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Hong Kong tycoon cleared to sue Google over 'triad' link
AFP
Hong Kong, August 07, 2014
First Published: 14:16 IST(7/8/2014)
Last Updated: 14:37 IST(7/8/2014)

A billionaire Hong Kong tycoon has said he will sue Google over search results which link him to organised criminal gangs, after a court dismissed the internet giant's objections.

Albert Yeung first filed a lawsuit against Google in August 2012 when it refused to stop the word "triad" being linked to his name through the search engine's "auto-complete" function.

"Triad" is automatically suggested when Yeung's name is typed in to the Google search box.

http://www.hindustantimes.com/Images/popup/2014/8/google_albert.gif
 
The names of triad gangs "14k" and "Sun Yee On" also come up when the business tycoon's name is searched.
 
Google asked a local court to discharge the case in December 2012, saying it did not have any merit.

The company argued that no human input was used for its auto-complete search function and that the results did not "attribute negative connotations" to any individual.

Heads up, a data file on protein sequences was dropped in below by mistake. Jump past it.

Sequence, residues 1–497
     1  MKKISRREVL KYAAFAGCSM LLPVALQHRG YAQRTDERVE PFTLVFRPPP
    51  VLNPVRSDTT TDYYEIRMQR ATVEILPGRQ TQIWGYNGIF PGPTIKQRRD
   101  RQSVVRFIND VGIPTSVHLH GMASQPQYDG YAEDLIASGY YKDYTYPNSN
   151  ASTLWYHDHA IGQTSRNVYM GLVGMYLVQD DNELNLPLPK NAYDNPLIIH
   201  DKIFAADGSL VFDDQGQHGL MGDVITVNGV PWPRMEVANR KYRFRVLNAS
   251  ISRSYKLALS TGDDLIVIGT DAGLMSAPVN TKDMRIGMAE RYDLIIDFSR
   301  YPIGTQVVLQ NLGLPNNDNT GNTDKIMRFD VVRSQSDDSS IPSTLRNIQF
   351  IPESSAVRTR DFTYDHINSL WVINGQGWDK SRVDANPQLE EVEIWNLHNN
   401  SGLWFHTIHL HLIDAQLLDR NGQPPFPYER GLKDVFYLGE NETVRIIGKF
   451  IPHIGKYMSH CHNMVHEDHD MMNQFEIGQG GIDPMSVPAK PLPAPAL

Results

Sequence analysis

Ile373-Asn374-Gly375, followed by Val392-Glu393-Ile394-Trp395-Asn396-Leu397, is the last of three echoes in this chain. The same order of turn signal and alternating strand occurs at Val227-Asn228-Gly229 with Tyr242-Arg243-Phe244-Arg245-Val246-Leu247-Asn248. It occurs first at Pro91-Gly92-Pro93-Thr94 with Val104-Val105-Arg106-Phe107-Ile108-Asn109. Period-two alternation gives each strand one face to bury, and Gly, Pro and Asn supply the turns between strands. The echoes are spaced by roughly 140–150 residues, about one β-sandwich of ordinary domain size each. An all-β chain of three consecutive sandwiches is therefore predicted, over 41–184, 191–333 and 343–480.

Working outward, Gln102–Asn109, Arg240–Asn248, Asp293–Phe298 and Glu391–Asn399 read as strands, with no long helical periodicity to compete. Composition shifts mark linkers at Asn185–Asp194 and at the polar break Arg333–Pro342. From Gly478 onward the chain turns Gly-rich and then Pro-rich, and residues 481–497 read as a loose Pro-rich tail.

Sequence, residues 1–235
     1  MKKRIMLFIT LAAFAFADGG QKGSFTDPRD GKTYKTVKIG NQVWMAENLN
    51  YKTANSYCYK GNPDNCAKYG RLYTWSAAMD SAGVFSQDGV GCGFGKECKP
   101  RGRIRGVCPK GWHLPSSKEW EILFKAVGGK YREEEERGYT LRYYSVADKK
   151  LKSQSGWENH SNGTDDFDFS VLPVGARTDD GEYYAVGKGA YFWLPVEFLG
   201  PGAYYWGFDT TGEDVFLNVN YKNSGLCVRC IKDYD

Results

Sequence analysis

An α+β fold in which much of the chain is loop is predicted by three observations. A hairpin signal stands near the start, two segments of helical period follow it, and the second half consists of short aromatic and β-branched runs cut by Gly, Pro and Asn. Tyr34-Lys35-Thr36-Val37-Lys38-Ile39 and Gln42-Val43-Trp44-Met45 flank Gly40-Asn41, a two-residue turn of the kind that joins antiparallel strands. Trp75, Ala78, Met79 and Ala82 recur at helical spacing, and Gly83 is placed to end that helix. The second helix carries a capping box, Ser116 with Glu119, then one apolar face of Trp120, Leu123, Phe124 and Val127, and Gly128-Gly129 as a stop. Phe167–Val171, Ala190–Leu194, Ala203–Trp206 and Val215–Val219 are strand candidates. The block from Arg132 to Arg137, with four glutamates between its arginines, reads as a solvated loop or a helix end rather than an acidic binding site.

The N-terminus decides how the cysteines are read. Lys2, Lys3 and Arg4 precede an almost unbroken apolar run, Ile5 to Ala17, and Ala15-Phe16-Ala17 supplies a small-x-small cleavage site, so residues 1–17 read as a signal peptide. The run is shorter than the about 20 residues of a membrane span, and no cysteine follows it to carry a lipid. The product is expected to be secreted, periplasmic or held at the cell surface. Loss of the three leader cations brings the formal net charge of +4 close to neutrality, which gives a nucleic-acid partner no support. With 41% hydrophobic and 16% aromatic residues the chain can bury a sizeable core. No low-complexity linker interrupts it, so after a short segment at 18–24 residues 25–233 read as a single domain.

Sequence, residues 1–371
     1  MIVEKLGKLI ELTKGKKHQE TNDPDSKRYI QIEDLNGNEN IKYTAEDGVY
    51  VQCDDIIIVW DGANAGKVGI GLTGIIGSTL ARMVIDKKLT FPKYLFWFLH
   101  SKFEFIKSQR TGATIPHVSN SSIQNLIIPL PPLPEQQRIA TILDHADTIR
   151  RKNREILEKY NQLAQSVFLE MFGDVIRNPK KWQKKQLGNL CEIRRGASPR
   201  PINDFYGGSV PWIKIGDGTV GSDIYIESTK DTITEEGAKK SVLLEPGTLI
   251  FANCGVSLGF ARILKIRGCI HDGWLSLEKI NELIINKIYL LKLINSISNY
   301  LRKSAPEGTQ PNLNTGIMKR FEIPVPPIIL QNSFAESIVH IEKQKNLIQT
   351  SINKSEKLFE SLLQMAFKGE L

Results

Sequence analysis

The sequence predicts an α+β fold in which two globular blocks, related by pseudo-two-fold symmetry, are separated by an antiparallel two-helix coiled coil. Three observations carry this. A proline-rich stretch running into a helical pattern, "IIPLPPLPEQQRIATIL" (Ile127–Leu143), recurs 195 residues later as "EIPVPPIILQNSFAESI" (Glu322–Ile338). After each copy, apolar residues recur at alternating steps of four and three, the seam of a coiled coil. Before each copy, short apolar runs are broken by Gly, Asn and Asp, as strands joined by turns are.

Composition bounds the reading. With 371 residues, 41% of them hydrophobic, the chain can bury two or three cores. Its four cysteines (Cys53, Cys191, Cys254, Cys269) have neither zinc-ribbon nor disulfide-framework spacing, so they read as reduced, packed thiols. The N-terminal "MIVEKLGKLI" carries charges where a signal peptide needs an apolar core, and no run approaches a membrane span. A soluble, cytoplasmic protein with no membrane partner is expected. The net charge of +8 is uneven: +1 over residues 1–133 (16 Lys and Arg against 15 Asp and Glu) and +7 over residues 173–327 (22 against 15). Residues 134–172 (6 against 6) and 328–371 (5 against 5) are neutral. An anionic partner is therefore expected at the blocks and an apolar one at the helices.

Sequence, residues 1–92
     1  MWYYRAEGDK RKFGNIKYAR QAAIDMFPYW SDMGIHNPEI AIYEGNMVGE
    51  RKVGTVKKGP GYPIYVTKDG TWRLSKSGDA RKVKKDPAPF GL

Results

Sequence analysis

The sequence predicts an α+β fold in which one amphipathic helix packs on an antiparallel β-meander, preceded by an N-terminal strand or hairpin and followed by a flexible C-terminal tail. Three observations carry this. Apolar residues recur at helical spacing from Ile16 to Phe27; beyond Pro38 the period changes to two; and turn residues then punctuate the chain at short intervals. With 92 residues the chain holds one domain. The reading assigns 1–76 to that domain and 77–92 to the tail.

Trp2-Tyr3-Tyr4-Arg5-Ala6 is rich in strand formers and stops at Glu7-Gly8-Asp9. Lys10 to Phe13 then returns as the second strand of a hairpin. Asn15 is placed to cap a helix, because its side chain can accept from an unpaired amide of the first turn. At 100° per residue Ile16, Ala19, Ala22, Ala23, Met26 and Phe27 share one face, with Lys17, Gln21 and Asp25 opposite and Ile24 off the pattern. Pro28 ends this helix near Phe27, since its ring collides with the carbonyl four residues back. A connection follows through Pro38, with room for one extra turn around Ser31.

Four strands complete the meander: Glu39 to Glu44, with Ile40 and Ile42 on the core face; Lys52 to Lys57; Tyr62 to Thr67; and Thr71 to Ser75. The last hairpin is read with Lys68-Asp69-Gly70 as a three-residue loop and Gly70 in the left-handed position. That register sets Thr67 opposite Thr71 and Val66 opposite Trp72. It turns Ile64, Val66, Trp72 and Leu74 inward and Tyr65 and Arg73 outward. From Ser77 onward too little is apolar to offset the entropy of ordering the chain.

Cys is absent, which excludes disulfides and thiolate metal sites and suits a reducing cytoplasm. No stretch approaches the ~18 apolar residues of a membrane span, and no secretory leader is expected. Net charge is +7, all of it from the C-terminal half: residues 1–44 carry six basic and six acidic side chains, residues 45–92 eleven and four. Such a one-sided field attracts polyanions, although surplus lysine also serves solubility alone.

But a high court judge dismissed Google's bid to stop the lawsuit on Wednesday.

"There is a good arguable case that Google is the publisher of the words and liable for their publication," judge Marlene Ng said in the ruling.

"The advantages of having easy access to a rich store of information are many... but such benefit comes at a price; any risk of misinformation can spread easily as users forage in the web," she added.

Yeung, who is founder of the conglomerate Emperor Group which has businesses in the movie industry and real estate, said his personal and business reputation had been "gravely injured" by the offending words.

File photo: Albert Yeung, left, chairman of the Hong Kong media conglomerate Emperor Entertainment Group and his wife attend the premiere of his film " Shinjuku Incident " as part of the kickoff for The 33rd Hong Kong International Film Festival in Hong Kong.(AP Photo)

 

"We will... continue to take legal action against Google for the publication of offending/defamatory words that gravely injured Dr Yeung's reputation," the billionaire's company spokesperson said in an email to AFP Wednesday.

Google faced a similar court case in Germany in 2013 when an unnamed entrepreneur successfully sued after the search engine's auto-complete function linked his name to "Scientology" and "fraud".

A German court ordered Google to remove the offending words.


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